The Value of Theological Examinations and Doctorates

This is good; it is Barth discussing the worth of theological education at the highest levels:

When properly understood, an examination is a friendly conversation of older students of theology with younger ones, concerning certain themes in which they share a common interest. The purpose of this conversation is to give younger participants an opportunity to exhibit whether and to what extent they appear to give promise of doing so in the future. The real value of a doctorate, even when earned with the greatest distinction, is totally dependent on the degree to which its recipient has conducted and maintained himself as a learner. Its worth depends, as well, entirely on the extent to which he further conducts and maintains himself as such. Only by his qualification as a learner can he show himself qualified to become a teacher. Whoever studies theology does so because to study it is (quite apart from any personal aims of the student) necessary, good, and beautiful in relationship to the service to which he has been called. Theology must possess him so completely that he can be concerned with it only in the manner of a studiosus (Evangelical Theology, 172). ht: Kent Eilers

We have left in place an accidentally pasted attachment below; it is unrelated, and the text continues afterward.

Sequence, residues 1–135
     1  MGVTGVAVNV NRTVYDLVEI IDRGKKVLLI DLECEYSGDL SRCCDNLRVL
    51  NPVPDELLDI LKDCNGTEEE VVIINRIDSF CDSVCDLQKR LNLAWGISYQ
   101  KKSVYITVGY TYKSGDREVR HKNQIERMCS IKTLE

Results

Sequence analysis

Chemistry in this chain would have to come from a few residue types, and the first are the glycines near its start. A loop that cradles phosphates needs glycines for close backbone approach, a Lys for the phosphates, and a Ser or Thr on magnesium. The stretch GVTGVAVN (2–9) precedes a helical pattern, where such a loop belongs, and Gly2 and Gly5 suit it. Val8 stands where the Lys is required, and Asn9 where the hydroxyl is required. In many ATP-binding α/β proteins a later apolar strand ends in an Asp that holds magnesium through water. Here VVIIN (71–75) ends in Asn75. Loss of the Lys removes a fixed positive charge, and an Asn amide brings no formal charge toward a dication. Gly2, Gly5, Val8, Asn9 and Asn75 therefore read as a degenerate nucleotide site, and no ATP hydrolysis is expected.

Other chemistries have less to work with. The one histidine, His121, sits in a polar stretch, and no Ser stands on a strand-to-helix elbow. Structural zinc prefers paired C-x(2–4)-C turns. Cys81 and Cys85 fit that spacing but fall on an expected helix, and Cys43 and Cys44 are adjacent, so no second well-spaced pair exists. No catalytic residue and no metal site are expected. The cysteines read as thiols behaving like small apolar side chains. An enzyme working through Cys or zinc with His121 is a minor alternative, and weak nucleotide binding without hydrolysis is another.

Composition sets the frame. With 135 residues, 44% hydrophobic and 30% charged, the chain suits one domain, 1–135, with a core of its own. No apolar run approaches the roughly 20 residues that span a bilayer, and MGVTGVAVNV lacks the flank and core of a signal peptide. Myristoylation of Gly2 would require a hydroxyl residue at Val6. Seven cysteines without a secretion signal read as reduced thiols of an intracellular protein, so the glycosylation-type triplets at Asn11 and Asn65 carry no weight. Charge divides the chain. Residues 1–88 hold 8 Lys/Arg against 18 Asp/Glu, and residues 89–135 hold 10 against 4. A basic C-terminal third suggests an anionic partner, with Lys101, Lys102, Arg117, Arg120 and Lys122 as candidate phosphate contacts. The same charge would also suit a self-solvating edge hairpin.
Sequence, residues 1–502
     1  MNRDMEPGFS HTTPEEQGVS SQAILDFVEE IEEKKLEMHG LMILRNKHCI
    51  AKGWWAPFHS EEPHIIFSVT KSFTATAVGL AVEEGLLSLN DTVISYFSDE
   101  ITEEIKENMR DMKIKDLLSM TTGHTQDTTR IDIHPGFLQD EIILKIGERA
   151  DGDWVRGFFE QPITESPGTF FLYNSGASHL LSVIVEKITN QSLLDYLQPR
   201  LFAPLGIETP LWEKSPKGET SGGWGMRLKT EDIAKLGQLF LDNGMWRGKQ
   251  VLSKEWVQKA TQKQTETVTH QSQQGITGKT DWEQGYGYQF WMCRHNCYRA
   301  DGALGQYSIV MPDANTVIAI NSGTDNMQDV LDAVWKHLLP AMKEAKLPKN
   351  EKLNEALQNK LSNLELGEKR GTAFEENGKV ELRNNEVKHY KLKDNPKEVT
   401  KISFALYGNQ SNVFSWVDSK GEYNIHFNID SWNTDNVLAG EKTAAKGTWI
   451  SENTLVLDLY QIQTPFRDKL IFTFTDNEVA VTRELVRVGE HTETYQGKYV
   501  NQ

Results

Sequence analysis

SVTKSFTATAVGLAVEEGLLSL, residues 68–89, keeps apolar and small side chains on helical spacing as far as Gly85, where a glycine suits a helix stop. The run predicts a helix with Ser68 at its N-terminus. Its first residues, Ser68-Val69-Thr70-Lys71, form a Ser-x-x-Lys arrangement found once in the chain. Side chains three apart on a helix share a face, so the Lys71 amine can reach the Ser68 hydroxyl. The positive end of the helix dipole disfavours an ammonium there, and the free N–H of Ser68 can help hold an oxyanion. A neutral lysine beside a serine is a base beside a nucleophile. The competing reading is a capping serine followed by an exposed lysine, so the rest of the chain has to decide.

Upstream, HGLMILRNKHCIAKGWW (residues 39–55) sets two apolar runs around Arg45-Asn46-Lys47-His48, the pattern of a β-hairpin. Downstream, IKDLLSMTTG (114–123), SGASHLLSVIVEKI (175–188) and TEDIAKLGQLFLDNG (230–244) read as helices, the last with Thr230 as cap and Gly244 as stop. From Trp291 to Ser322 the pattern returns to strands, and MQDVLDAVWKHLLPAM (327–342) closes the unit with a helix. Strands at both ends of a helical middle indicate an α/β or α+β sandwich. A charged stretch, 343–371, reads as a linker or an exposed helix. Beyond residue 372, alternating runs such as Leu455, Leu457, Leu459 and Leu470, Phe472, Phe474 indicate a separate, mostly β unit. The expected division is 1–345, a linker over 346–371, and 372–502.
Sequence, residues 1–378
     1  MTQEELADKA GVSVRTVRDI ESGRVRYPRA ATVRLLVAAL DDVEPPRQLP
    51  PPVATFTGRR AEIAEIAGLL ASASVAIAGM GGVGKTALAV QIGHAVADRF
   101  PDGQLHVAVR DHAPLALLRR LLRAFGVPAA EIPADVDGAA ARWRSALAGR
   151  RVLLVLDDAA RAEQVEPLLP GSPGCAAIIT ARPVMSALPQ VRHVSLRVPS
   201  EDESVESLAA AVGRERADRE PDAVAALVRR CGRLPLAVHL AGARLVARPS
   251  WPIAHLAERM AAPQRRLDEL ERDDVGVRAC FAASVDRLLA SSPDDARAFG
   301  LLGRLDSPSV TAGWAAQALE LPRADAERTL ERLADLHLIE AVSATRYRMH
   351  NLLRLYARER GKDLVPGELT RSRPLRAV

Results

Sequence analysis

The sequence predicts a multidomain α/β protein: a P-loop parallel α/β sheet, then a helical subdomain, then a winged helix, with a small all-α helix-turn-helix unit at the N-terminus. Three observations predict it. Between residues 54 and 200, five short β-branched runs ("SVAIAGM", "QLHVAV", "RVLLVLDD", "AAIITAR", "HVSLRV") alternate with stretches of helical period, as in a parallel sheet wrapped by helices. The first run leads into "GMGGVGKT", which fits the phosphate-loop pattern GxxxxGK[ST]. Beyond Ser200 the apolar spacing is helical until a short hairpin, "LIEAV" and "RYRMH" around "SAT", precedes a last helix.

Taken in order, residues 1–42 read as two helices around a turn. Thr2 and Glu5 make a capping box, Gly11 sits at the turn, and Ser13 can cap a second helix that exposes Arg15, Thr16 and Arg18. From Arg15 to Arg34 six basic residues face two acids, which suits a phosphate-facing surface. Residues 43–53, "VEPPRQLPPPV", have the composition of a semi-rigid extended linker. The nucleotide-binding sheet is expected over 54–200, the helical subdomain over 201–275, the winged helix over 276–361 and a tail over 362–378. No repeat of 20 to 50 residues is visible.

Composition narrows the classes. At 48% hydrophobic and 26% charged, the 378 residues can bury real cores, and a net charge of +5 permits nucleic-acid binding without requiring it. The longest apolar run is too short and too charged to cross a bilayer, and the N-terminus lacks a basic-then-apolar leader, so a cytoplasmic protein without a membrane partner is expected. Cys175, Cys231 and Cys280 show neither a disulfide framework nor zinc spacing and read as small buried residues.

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13 Responses to The Value of Theological Examinations and Doctorates

  1. I think it is interesting that most of the great theologians, in the 20th century anyway, wrote and did their theological works for the greater part of their life. And this was after getting their doctorates. I think of course of Barth, and then also G.C. Berkouwer. Both had many volumes in their theological work. Even the American Donald Bloesch was writing his books on theology as he lived his theological life. Today it seems people get doctorates, especially Ph.D.’s to get simply into academia. And then they hit that “print or perish” yearly aspect. But the loss of the more or larger theological works, etc. are not happening today. Of course I am speaking generally.


  2. Ken Ranos says: